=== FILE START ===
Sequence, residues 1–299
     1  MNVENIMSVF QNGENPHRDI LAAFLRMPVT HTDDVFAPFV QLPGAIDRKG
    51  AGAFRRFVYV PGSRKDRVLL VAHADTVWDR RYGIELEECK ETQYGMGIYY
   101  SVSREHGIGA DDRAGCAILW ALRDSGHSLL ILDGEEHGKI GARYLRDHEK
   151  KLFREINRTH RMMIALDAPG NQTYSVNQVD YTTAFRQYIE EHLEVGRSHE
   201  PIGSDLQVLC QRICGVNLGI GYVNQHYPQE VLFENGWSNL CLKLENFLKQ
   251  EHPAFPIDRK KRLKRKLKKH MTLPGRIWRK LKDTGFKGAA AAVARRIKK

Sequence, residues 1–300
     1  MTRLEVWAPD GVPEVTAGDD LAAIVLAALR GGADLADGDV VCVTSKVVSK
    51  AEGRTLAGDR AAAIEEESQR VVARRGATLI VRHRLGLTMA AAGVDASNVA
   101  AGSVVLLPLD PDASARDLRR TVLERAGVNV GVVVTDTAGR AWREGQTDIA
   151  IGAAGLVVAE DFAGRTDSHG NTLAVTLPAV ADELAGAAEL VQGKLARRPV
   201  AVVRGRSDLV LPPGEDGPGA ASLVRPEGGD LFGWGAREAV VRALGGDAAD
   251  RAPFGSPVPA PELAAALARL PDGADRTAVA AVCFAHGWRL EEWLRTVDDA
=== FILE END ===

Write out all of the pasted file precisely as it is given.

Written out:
Sequence, residues 1–299
     1  MNVENIMSVF QNGENPHRDI LAAFLRMPVT HTDDVFAPFV QLPGAIDRKG
    51  AGAFRRFVYV PGSRKDRVLL VAHADTVWDR RYGIELEECK ETQYGMGIYY
   101  SVSREHGIGA DDRAGCAILW ALRDSGHSLL ILDGEEHGKI GARYLRDHEK
   151  KLFREINRTH RMMIALDAPG NQTYSVNQVD YTTAFRQYIE EHLEVGRSHE
   201  PIGSDLQVLC QRICGVNLGI GYVNQHYPQE VLFENGWSNL CLKLENFLKQ
   251  EHPAFPIDRK KRLKRKLKKH MTLPGRIWRK LKDTGFKGAA AAVARRIKK

Sequence, residues 1–300
     1  MTRLEVWAPD GVPEVTAGDD LAAIVLAALR GGADLADGDV VCVTSKVVSK
    51  AEGRTLAGDR AAAIEEESQR VVARRGATLI VRHRLGLTMA AAGVDASNVA
   101  AGSVVLLPLD PDASARDLRR TVLERAGVNV GVVVTDTAGR AWREGQTDIA
   151  IGAAGLVVAE DFAGRTDSHG NTLAVTLPAV ADELAGAAEL VQGKLARRPV
   201  AVVRGRSDLV LPPGEDGPGA ASLVRPEGGD LFGWGAREAV VRALGGDAAD
   251  RAPFGSPVPA PELAAALARL PDGADRTAVA AVCFAHGWRL EEWLRTVDDA